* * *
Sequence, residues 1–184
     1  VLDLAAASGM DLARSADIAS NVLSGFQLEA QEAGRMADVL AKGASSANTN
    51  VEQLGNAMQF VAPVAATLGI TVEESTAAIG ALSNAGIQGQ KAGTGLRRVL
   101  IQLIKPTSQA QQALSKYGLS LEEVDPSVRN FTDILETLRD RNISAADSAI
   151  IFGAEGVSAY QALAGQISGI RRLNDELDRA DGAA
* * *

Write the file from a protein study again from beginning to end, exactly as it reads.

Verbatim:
Sequence, residues 1–184
     1  VLDLAAASGM DLARSADIAS NVLSGFQLEA QEAGRMADVL AKGASSANTN
    51  VEQLGNAMQF VAPVAATLGI TVEESTAAIG ALSNAGIQGQ KAGTGLRRVL
   101  IQLIKPTSQA QQALSKYGLS LEEVDPSVRN FTDILETLRD RNISAADSAI
   151  IFGAEGVSAY QALAGQISGI RRLNDELDRA DGAA